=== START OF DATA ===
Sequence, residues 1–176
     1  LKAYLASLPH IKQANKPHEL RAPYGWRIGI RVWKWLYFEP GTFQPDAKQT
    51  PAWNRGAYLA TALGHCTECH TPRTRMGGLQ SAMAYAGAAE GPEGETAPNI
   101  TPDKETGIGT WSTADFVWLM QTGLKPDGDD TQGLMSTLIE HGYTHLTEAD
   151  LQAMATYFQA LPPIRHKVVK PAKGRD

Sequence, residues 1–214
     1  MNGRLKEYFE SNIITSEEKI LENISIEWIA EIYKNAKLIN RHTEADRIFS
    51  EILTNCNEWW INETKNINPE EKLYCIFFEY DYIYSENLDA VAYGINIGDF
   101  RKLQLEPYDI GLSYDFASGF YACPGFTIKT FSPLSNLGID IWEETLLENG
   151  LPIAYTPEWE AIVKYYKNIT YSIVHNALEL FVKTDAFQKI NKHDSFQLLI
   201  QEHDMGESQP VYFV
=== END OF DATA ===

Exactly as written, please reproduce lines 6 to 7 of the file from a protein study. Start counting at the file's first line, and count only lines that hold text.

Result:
Sequence, residues 1–214
     1  MNGRLKEYFE SNIITSEEKI LENISIEWIA EIYKNAKLIN RHTEADRIFS